Hasselblad H2 with Phase One P45+ back and 55-110mm lens @ ISO 100

I'm a firm believer in serendipity. I've also been shooting long enough to know that often the shot that one thinks will be a winner, isn't, and the one that one shoots in an off-hand manner can frequently take wings.

In this instance we had pulled onto a side road to shoot a golden wheat field framed against a lovely blue sky filled with puffy white clouds. A picture post card, but we couldn't resist. As I was turning back to the vehicle to load up my camera and tripod my friend, and Video Journal director, Chris Sanderson, pointed out the symmetry of the telephone poles, road, and traffic lines. I saw what he meant, appreciated it, placed my tripod on the ground, took a frame, and we continued on our way.

At the studio a couple of weeks later, on my third and final pass though my files in Lightroom, I saw the raw file of this shot and wondered what it would look like in B&W. It wasn't quite what I wanted, but then by leaving it in colour, and using selective desaturation (especially of the blues of the sky) all of a sudden the image sprang to life for me, capturing something of the essence of the land as we had experienced it.

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Tree Line – Palouse, Washington. June, 2007
Hasselblad H2 with Phase One P45+ back and 210mm lens @ ISO 100

The Palouse is almost devoid of trees, except in some of the deep valleys near rivers. Before the time of the first settlers it was a vast grassland. This stand caught our eye, with its stark symmetry framed against a sky with wispy stratus clouds.

Both this and the photograph immediately below were "mid-day" shots, putting the lie to the photographer's myth that only "golden light" at dawn and dusk are conducive to landscape photography.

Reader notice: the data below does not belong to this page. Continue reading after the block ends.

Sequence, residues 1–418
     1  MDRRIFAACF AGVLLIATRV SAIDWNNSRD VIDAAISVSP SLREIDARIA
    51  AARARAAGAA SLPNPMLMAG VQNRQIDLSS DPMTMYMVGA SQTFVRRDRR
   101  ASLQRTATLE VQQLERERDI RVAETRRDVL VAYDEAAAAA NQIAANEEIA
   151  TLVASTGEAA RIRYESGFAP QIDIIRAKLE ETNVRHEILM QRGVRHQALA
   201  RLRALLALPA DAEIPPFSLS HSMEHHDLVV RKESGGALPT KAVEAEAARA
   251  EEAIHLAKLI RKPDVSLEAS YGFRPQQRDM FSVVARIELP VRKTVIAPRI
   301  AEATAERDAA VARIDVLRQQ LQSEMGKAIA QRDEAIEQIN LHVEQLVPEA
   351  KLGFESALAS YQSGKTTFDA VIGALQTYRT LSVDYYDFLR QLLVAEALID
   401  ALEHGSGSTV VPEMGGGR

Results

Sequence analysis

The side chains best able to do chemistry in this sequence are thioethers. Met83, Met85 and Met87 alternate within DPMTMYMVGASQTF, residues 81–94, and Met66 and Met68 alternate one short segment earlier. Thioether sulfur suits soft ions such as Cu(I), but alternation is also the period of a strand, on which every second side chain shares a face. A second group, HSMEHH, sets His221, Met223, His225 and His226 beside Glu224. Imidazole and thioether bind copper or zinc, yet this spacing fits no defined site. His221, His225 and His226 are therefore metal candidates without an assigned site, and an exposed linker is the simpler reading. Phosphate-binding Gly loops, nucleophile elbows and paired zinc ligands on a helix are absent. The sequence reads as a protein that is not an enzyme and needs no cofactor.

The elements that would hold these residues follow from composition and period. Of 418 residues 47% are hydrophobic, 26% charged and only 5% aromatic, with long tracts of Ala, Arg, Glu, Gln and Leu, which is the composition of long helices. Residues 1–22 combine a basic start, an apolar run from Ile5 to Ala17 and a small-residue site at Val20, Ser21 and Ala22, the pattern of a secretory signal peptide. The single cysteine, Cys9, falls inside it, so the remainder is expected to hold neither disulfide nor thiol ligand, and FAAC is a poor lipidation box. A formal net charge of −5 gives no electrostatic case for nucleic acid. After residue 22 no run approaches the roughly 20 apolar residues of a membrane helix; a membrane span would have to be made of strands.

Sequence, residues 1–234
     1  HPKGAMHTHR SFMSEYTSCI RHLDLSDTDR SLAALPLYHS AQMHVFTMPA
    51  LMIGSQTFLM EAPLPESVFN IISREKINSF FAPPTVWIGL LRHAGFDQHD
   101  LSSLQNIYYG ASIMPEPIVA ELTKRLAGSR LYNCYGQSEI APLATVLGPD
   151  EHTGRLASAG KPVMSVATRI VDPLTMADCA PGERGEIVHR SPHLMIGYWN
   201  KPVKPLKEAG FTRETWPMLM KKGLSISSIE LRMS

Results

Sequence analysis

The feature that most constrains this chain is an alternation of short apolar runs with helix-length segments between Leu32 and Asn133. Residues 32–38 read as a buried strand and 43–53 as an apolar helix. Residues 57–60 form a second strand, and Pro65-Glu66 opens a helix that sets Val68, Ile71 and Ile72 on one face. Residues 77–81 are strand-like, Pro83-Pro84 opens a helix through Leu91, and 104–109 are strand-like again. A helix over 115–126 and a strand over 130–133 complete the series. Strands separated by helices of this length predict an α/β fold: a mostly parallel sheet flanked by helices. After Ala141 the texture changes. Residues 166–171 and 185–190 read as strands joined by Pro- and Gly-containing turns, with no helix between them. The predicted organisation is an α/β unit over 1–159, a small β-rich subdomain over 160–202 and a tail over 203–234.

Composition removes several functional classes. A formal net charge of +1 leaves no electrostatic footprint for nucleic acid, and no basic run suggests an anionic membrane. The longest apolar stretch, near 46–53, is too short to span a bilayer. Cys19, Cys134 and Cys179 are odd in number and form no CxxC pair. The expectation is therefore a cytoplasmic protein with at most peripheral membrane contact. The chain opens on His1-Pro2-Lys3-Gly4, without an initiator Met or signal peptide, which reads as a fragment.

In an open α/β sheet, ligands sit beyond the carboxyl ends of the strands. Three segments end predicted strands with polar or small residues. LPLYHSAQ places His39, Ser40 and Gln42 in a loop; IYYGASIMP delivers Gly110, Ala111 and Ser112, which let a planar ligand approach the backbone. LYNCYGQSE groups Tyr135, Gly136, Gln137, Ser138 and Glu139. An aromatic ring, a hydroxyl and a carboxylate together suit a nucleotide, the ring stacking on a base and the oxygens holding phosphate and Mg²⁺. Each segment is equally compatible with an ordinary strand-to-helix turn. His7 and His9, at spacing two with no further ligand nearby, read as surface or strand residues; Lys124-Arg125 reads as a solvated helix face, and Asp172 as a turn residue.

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Palouse #1 – Washington. June, 2007
Hasselblad H2 with Phase One P45+ back and 300mm f/4.5 lens @ ISO 50

The most striking visual aspect of The Palouse is its rolling hills, with various crops planted in swirling patterns. Combine this with dappled sunlight (which we were fortunate enough to have during our shoot ) and the landscape almost comes alive with texture, colour and sensuous shapes.

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Western Hills – Palouse, Washington. June, 2007
Hasselblad H2 with 300mm lens and P45+ @ ISO 100

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more to come soon...

June / July / August 2007

 


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Concepts: Photography, Camera, Telephoto lens, Landscape, Washington, Cloud, Stratus cloud, Image

Entities: Tuscany, Spokane, St. Helens, Washington, Microsoft, America, Italy, Michael Reichmann, Chris Sanderson, Robert Hitchman, Rainier, Washington

Tags: Palouse, Phase One P45+, Hasselblad H2, photograph, Chris Sanderson, Video Journal, image, producer chris sanderson, rich farming area, Photograph America newsletter, striking visual aspect, lovely blue sky, wispy stratus clouds, picture post card, golden wheat field, wheat, Video Journal director, photography, Beautiful farmland, landscape work, Robert Hitchman, 55-110mm lens, national park, square miles, selective viewpoint, large measure, main crop, long lenses, unconscious beauty, rare combination, off-hand manner, vast grassland, deep valleys, wide angle, firm believer, Washington state, telephoto shots, perspective compression, different things, successful image